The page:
The Use of Ultraviolet Excitation of Native Fluorescence for Identifying Biomarkers in Halite Crystals


Recent findings by the NASA's Mars Exploration Rovers and ESA's Mars Express indicate that during an earlier era in the planets' evolution, evaporation of surface water may have left behind vast evaporite deposits1,2,3. This makes the possibility of finding biological material preserved in halite inclusions most intriguing4. The retrieval and characterization of microorganisms from ancient halite crystals5,6 suggests that it might be possible to locate their remains as biomarkers or even living cells from evaporites sampled from extraterrestrial environments. However, before this is possible, techniques for the detection of bacterial cells or biomolecules in halite and other evaporite crystals need further refining. Specifically, contamination must be minimized and quantified during the microbial analysis of such crystals. Aseptic techniques that allow for the direct extraction of fluid brines from micron to millimeter size inclusions significantly reduce the possibility for contamination. However, even with extreme precautions, the possibility for contamination cannot be entirely eliminated, particularly when culture-based methods are employed. We have elicited native fluorescence from a variety of biomolecules, including the aromatic amino acids and nucleic acids, by laser excitation at 248 and 224 nm from haloarchaea and haloarchaea residues trapped in halite. Energy to each sample, (positive control crystals with Halobacteria salinarum and bacteria-free negative control crystals), was 80 microwatts at 224 nm and 25 microwatts at 248 nm. A 30 s exposure of the inclusions within the positive control elicited easily detectable fluorescence while there was no response from the negative control crystals during the same exposure. Analysis of halite crystals sampled from the Waste Isolation Pilot Plant, Carlsbad, New Mexico yielded similar results. To minimize microbial damage from the high-energy 224-248 nm beams and to make the technique more widely available to the scientific community, we have examined the possibility of using a standard epi-fluorescent microscope for similar purposes. We have elicited a native fluorescence response from microscopic eukaryotes in rapid scanning, low magnification mode employing 365 nm excitation and are optimizing the visualization of prokaryotes with this system. Aseptic identification of epifluorescent biosignatures in evaporite inclusions would be of significant utility for planetary protection and preliminary screening protocols during a Mars sample return mission.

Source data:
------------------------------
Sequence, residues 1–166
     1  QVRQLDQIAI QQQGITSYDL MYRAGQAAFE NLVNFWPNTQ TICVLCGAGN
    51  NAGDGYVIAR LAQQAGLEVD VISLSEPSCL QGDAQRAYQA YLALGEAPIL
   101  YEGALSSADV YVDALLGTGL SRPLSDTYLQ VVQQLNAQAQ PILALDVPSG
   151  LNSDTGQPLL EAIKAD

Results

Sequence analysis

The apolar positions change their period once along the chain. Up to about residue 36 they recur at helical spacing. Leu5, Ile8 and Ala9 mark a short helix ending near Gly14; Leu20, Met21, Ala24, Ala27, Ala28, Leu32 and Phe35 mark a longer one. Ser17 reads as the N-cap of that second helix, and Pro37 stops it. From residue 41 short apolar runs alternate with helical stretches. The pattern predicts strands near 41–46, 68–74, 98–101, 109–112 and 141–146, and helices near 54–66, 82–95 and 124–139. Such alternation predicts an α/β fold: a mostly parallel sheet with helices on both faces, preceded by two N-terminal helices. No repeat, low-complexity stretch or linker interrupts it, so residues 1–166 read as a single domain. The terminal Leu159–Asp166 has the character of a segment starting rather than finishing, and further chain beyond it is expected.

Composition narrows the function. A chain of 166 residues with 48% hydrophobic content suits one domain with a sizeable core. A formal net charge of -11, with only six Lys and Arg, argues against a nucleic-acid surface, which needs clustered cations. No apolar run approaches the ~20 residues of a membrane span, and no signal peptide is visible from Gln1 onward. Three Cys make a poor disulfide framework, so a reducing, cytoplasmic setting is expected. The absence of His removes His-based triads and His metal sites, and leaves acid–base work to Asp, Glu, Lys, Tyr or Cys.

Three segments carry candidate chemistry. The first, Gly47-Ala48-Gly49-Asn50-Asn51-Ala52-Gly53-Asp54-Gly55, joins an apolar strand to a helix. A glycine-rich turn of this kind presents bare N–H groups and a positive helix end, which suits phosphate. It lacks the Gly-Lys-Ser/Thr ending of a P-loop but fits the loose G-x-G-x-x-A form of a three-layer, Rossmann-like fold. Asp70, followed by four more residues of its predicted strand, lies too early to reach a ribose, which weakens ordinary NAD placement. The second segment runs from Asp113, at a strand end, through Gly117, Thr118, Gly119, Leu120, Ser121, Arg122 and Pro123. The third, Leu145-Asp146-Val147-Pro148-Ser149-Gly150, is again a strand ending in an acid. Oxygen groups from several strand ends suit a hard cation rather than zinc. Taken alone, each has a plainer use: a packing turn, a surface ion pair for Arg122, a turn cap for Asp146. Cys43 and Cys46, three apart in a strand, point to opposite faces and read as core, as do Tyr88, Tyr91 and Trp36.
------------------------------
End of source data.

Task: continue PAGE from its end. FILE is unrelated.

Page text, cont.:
Biological Sciences

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Article - Journal

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